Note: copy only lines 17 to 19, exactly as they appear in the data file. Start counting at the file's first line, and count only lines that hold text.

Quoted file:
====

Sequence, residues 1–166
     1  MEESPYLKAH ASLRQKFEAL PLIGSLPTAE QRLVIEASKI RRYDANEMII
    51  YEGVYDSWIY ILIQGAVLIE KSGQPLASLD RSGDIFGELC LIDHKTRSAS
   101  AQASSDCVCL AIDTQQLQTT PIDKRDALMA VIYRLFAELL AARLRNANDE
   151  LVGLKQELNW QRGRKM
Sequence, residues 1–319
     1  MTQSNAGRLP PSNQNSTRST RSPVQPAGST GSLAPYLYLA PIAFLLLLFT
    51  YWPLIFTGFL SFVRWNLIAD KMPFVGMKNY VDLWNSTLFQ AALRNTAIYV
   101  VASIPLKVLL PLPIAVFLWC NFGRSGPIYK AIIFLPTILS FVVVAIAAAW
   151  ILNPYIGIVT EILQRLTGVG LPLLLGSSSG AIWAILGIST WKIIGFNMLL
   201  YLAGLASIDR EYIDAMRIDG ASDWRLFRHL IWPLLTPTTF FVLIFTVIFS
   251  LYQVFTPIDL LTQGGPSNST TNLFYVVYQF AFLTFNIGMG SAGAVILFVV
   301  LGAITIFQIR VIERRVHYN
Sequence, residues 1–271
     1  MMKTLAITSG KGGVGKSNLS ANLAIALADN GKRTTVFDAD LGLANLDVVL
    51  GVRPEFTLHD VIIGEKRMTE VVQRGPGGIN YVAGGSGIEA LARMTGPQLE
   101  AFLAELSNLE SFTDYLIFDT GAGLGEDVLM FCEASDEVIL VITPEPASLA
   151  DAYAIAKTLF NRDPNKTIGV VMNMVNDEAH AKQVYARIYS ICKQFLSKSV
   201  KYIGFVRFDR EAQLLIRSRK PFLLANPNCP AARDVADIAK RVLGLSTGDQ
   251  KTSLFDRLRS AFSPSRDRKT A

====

   101  AFLAELSNLE SFTDYLIFDT GAGLGEDVLM FCEASDEVIL VITPEPASLA
   151  DAYAIAKTLF NRDPNKTIGV VMNMVNDEAH AKQVYARIYS ICKQFLSKSV
   201  KYIGFVRFDR EAQLLIRSRK PFLLANPNCP AARDVADIAK RVLGLSTGDQ